Human sacrifices to divine the future seem to have been made in the same sort of way as is commonly depicted in the sacrifice of a cockerel or rooster. Magical rites were performed, the animal was killed and then studied for meaningful signs.

The Celtic druids were fond practitioners of human sacrifices. They preferred to use criminals and slaves, but such was their need they would resort to sacrificing innocents if these were in short supply-

"They would strike a man devoted as an offering in his back with a sword, and divine from his convulsive throes. Without the Druids they never sacrifice."

Strabo's Geography

"They deemed it indeed a duty to cover their altars with the blood of captives and to consult their deities through human entrails."


This may just be Tacitus' interpretation, as the Romans were fond of divination through animal entrails.

A further example comes from the exciting tales of explorers John Hanning Speke and James Augustus Grant while searching for the source of the river Nile. Speke needed an escort from the Ugandan king Mtesa through other territories, but Mtesa ‘almost daily’ executed anyone who failed to ingratiate themselves enough. Speke wins him over by delighting the king with the novelty of his courage in protesting the execution of one of the King’s wives. She had offended Mtesa by offering him a piece of fruit.

Upon gaining the escort Mtesa orders a sacrifice-

"Speke consequently informed the king that all he required was a large escort to accompany them through Usoga and Kidi to Gani, as further delay in communicating with Petherick might frustrate the chance of opening the Nile trade with Uganda. The king replied that he would assemble his officers, and consult them on the subject. He exhibited his folly, however, by allowing his people to make an inroad into Unyoro and carry off eighty cows belonging to Kamrasi. To their horror, Kyengo, the chief magician, informed them that the king, being anxious to pry into the future, had resolved to adopt a strong measure with that end in view. This was the sacrifice of a child. The ceremony, which it fell to the lot of Kyengo to perform, is almost too cruel to describe. The magician, having placed a large earthen pot full of water on the fire, arranges a platform on the top, and on this he binds a young child and a fowl, covering them with another pot, which he inverts over them. After the fire has burned for a given time the upper pot is removed. If both victims are dead, it is considered that war must be deferred for the present; but, if either should be alive, it may be commenced immediately. When the army is about to proceed to war, the magician flays the young child, and lays the bleeding body in the path, that the warriors may step over it, thereby believing that they will gain immunity for themselves in the approaching combat."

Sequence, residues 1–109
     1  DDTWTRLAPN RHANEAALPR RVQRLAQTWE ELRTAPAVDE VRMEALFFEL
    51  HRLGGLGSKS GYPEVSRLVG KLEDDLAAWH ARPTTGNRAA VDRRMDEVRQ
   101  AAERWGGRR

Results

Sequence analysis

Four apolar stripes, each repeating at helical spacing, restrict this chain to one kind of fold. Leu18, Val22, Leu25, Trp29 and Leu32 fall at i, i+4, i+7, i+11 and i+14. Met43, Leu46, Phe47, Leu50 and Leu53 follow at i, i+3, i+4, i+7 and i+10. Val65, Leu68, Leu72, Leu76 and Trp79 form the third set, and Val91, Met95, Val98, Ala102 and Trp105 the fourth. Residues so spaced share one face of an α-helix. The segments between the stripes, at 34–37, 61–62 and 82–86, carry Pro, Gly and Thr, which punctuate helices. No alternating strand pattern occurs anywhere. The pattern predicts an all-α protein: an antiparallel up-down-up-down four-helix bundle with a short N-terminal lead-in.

Great African Travellers from Mungo Park to Livingstone and Stanley W.H.G. Kingston
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